Srinagar: Upset over the way communal violence in Kishtwar was portrayed, an anguished Jammu and Kashmir Chief Minister Omar Abdullah on Thursday said people of his state are being treated in a "different" way forcing them to feel "separate".
"I am often asked why do people of Jammu and Kashmir feel different from the people of the rest of the country...We do not feel separate but are made to do so by the different attitude towards us. Today I will explain it," Omar said in his Independence Day speech at Bakshi stadium here.
He said whenever he pondered over the question, he was not able to reach a conclusion, but the way Kishtwar communal clashes were presented before the rest of the country provided the answer.
The violence which claimed three lives also led to an attack on his government by the oppoistion and the resignation of the Minister of State for Home Sajjad Kitchloo.
Omar quoted figures from the Union Home Ministry on the deaths in communal riots that took place last year and up to March this year which included 34 deaths in Uttar Pradesh and 13 deaths in Maharashtra during 2012.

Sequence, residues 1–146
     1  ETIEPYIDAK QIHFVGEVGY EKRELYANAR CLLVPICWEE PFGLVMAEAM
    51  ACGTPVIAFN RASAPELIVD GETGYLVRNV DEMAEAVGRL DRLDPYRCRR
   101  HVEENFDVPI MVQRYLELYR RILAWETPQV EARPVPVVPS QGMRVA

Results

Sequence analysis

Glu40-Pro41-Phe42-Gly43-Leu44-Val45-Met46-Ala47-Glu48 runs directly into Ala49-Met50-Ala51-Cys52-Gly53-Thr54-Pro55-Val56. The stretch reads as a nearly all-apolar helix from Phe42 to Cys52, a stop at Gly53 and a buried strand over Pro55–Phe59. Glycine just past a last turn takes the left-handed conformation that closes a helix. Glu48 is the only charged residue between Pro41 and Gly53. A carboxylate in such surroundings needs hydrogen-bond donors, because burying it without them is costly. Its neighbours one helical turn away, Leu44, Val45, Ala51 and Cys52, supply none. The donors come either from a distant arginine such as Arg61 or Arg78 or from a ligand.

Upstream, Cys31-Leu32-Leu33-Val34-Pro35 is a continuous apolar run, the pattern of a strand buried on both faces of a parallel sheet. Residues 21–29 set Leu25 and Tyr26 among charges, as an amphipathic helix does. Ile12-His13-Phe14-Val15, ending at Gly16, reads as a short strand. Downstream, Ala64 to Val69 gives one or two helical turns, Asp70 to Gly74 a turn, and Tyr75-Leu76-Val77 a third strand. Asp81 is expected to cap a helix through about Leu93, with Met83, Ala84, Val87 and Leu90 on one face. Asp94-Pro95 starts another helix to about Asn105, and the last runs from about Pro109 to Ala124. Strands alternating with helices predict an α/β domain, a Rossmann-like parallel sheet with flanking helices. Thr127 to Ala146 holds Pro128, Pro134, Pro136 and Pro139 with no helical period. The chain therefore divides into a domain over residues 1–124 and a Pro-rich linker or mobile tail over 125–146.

"Were these incidents discussed in Parliament? Forget about leaders visiting these places, did they mention it on Twitter," he said in an apparent reference to BJP leaders Arun Jaitley and Sushma Swaraj.
"What happened in Kishtwar was condemnable. More so because it happened during my tenure as Chief Minister. We have announced a judicial commission and its findings will be made public," he said.
Apparently referring to BJP and like-minded parties, the National Conference leader questioned the hue and cry over the Kishtwar riots last week.
"Is it for the first time it has happened in the country? Is Kishtwar the only place where this has happened?"
He said he will not compare the riots in Kishtwar with other similar incidents and justify it by pointing out mistakes in other states.
In an oblique criticism of the media, Omar asked why the communal riots in other places of the country did not make it to news channel programmes and newspapers.
"How many TV programmes were dedicated to these incidents and how many columns were written?" he asked.